A.J. Hartley from DARWEN ARKWRIGHT AND THE PEREGRINE PACT

14 Feb

Darwen Arkwright and the Peregrine Pact

Our first guest post is from the wonderful A.J. Hartley, whose book DARWEN ARKWRIGHT AND THE PEREGRINE PACT hit stores last October. Here’s a little about Darwen:  

Eleven-year-old Darwen Arkwright has spent his whole life in a tiny town in England. So when he is forced to move to Atlanta, Georgia, to live with his aunt, he knows things will be different – but what he finds there is beyond even his wildest imaginings!

Darwen discovers an enchanting world through the old mirror hanging in his closet – a world that holds as many dangers as it does wonders. Scrobblers on motorbikes with nets big enough to fit a human boy. Gnashers with no eyes, but monstrous mouths full of teeth. Flittercrakes with bat-like bodies and the faces of men. Along with his new friends Rich and Alexandra, Darwen becomes entangled in an adventure and a mystery that involves the safety of his entire school. They soon realize that the creatures are after something in our world – something that only human children possess.

I asked A.J. who his favorite literary heroine was, and how she helped influence the female characters in his own writing. Here’s what he came up with: 

Hmmm, tricky. I’m afraid I’m living proof of the old publishing adage that girls will read books with male or female protagonists while boys only read books with male protagonists! As a boy growing up in working classEngland, reading books of any sort when there were footballs to be kicked was enough to call my masculinity into question: reading books about girls would probably have gotten me killed!

I exaggerate of course, but there’s some truth in there, and I don’t remember really reading books with strong, interesting women in them till I was at university wrestling with the literary classics: Spenser’s take-no-prisoners Bitomart, Charlotte Bronte’s Jane Eyre who had to be locked in the red room for behaving like a wild animal, and Shakespeare’s romantic leads, Rosalind (As You Like It), Imogen (Cymbeline) and Viola (Twelfth Night). My day job as a Shakespeare professor has kept these last fresh in my head over the years, and though they are dated by modern standards they have an amazing self-possession, passion, maturity and forthrightness that I’ve always valued.

I’ve written female characters in my adult fiction—especially Deborah Miller, the gangly museum curator who is the protagonist of a couple of my mystery/thrillers—and I generally have some idea where they came from (Deborah came from seeing the brilliant Janet McTeer cross-dress as Petruchio in a production of the Taming of the Shrew at the Globe). By contrast, the girl who dominates Darwen Arkwright and the Peregrine Pact just popped onto the page fully formed and I have no idea where she came from. Alexander O’Connor (Alex), is a precocious—not to say pushy—African American Atlanta native who wears green day glow skull earrings with her school uniform, talks a mile a minute, and has the tact of a wrecking ball. If it crosses her mind, she’ll say it and she’s nothing if not honest. I have no doubt some readers find her annoying, but I think she’s brilliant: my favorite character in the book. She’s imaginative, resourceful and a force of nature in general, but the other kids find her pretty hard to take, and underneath her apparently unselfconscious sass, she’s actually pretty lonely. That makes her a perfect friend for the book’s namesake, who has brought plenty of baggage from his native England and just doesn’t fit in anywhere. They make a good team, once they’ve found things they have in common, like climbing through mirrors into impossible places and being chased by shape-shifting monsters bent on eating them. These are the things which make for lasting friendships.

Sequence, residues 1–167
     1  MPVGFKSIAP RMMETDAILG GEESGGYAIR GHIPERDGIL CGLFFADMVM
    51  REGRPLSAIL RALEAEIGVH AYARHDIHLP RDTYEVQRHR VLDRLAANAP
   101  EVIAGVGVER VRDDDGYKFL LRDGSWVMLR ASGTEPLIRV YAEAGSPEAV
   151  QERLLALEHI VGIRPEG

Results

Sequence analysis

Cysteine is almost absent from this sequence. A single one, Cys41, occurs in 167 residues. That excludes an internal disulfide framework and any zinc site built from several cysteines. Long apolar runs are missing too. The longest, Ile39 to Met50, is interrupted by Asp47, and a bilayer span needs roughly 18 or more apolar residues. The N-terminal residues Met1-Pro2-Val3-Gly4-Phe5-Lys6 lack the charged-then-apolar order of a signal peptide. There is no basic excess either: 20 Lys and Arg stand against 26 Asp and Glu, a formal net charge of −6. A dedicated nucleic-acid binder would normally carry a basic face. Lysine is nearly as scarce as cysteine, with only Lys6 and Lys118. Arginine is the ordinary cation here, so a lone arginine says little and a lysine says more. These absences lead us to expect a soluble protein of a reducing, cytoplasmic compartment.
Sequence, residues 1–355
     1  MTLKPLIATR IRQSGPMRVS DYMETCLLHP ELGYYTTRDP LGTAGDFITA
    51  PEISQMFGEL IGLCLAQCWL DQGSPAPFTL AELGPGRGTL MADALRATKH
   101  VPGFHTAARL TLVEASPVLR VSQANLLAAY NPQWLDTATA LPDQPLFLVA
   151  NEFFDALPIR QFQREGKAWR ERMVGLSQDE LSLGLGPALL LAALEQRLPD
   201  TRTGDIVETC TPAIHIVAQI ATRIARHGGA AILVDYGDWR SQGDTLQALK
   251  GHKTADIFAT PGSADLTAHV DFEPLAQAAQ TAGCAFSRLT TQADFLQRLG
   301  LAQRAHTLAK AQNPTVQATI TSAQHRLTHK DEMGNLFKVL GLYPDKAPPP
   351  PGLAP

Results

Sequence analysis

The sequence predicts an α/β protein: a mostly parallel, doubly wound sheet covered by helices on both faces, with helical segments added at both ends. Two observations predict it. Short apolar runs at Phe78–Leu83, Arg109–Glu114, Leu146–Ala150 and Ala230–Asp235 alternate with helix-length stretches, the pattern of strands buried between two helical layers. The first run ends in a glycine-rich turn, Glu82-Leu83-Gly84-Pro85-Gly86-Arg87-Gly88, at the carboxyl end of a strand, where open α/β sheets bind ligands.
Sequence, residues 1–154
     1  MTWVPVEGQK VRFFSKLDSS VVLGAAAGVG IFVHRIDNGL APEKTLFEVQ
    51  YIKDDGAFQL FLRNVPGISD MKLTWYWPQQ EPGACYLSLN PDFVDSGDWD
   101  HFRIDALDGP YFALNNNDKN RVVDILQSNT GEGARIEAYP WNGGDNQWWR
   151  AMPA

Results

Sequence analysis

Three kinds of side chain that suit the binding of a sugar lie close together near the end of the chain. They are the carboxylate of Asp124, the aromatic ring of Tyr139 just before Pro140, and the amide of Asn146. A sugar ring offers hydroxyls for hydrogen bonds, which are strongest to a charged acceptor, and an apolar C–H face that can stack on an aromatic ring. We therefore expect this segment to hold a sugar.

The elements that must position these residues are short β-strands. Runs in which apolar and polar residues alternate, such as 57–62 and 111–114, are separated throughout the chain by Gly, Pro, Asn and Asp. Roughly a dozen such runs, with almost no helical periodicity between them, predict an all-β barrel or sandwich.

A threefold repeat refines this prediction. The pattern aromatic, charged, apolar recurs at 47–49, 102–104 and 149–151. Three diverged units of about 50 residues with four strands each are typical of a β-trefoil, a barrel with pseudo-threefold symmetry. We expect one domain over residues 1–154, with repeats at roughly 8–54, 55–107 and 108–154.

But it is odd. I know exactly what Alex looks like, how she carries herself, the jut of her chin when she looks at people who are taller than her and—most of all—how she talks. I know the way she thinks, her private hopes and fears, her values, her tastes. It is like I’ve known this girl in life, and in truth I think I must have met her—or someone very like her—once somewhere, because she is so complete in my head, so absolutely real to me in ways my characters rarely are. I have no idea where or when I might have encountered whoever inspired her, though I’ve often tried to figure it out. Ah well. Such, I guess, is the mystery of the creative process!

You can learn more about A.J. Hartley and his novel, DARWEN ARKWRIGHT AND THE PEREGRINE PACT here.

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